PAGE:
Tuesday, May 22, 2018

Global Opportunities at Oakland

By Karen Robes Meeks

A pair of projects, under the Global Opportunities at the Port of Oakland (GoPort) Program, have received $187.4 million in 2018 Trade Corridor Enhancement Program Grants funded by Senate Bill 1, the California Transportation Commission announced Friday.

Roughly $175 million will be earmarked for the 7th Street Grade Separation, which seeks to bolster truck clearance, ease traffic congestion and feature a shared walkway/bike path by replacing the railroad underpass between I-880 and Maritime Street. The second grant of $12.4 million will pay for the Freight Intelligent Transportation System, technology geared to organizing truck arrivals, improving responses to incidents and linking to regional smart corridor systems.

“These projects will improve reliability of travel time and access throughout the Port of Oakland, increasing efficiency, while reducing congestion and air quality impacts on the local community and eliminating truck back-ups onto local streets,” says Alameda CTC Chair Supervisor Richard Valle. “They also support increased use of rail, which is a key part of the region's and county's goods movement strategy.”

The gas tax funds from Senate Bill 1 will be critical to reducing freight congestion on freeways and rail lines, reducing emissions and improving air quality and good jobs, noted Alameda CTC Executive Director Arthur L. Dao.

“While our local transportation sales tax measures got these projects underway, and serve as key leverage, we wouldn't be able to move forward into construction on these priority projects without the statewide gas tax funds,” he said.

First West Coast Subchapter M Certificate Issued

By Karen Robes Meeks

On Thursday, Vancouver, Washington-operated Tidewater Barge Lines’ towing vessel Crown Point received an initial Certificate of Inspection (COI) from the US Coast Guard Marine Safety Unit (MSU) Portland. This is the first on the US West Coast to be issued a COI under the new inspected towing vessel rules, referred to as Subchapter M.

The 98-foot, 4,480-horsepower towing vessel that moves barges to and from Lewiston, Idaho and Vancouver, Wash., is one of 130 towing vessels in service on the Columbia-Snake River System.

“The Columbia and Snake River Systems move 24 billion dollars of cargo on an annual basis and the towing vessels that fall under the regulations listed under Subchapter M are an integral part of this economically valuable marine transportation system,” said Capt. Tom Griffitts, commanding officer MSU Portland. “The Subchapter M regulations will provide safer vessel movement, safer working conditions for crewmembers, reduce marine casualties, and will help avoid environmental and property damage,” he added.

Towing vessels must comply with the Subchapter M regulations by July 20. To coordinate and schedule Subchapter M inspections, towing vessel owners and operators may reach out to their local Coast Guard Inspection office. MSU Portland’s towing vessel inspectors are available at 503-240-9374 or by email at TOWPDX@uscg.mil.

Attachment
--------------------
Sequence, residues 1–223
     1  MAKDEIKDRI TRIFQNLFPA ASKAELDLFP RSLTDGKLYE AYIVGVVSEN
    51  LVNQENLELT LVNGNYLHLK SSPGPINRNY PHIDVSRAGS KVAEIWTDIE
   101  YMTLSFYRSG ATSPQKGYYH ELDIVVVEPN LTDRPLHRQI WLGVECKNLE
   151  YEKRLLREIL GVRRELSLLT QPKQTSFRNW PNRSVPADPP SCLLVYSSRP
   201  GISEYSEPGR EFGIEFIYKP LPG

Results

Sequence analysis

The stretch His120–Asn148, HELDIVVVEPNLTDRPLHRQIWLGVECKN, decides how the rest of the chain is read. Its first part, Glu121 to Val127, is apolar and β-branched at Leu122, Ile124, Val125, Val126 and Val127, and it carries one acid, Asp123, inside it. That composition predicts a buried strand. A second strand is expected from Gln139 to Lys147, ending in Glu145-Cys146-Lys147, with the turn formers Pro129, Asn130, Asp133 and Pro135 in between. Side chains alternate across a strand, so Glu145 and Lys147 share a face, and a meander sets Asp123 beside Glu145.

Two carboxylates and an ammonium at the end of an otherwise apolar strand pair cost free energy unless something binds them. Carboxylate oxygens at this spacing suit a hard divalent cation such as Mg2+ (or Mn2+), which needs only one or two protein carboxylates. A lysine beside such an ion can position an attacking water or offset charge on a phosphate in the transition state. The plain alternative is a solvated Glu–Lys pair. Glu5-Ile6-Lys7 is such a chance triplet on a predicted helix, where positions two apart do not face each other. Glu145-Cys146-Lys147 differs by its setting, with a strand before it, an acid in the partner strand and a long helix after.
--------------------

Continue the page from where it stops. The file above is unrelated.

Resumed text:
Visit www.dco.uscg.mil/tvncoe for more details on Subchapter M regulations and compliance.

Grays Harbor to Appoint New Commissioner

By Karen Robes Meeks

The Port of Grays Harbor plans to appoint a new District 1 Commissioner, effective August 1, replacing longtime Commissioner Chuck Caldwell, who recently announced his resignation.

“While it has been an absolute honor to serve the citizens of Grays Harbor County over the past 16 years and I am incredibly proud of the business diversification and growth at the port during this time, it is now time for me to focus my energy on other important areas of my life,” Caldwell said. “I will continue to be a supportive citizen and ready volunteer to promote any Port initiatives that will continue to expand the service and opportunities for the people of Grays Harbor County.”

The appointee will be in place until the next regular Port election scheduled for November 2019, at which point the six-year term vacant position will be filled.

Those interested in serving the remaining of Caldwell’s term may submit an application at district1commission@portgrays.org, or at the Port’s main office at 111 S. Wooding Street, Aberdeen, WA 98520 or at the Satsop Business Park’s main office at 150 Technology Way, Suite 100, Elma, WA 98541.

To qualify, applicants must be a registered voter in Grays Harbor County District 1. The deadline to turn in applications, proof of residency from the Grays Harbor County Auditor’s Office and proof of voter registration is 5 p.m. on June 5, 2018.

After receiving and reviewing applications, the finalists will be interviewed on June 14 before a final decision is announced on June 19.

Long Beach Sponsors the Arts

By Karen Robes Meeks

About 124 organizations geared toward artistic, civic and educational endeavors have received a financial boost this week from the Long Beach Board of Harbor Commissioners when it recently approved $353,850 in sponsorships.

Among the recipients were organizations behind Pow! Wow! Long Beach – the annual citywide mural project, Meals on Wheels of Long Beach’s 5K Run, Walk and Roll, the United Cambodian Community’s Heart of Long Beach Summer Health Fair, and WomenShelter of Long Beach’s Domestic Violence Awareness.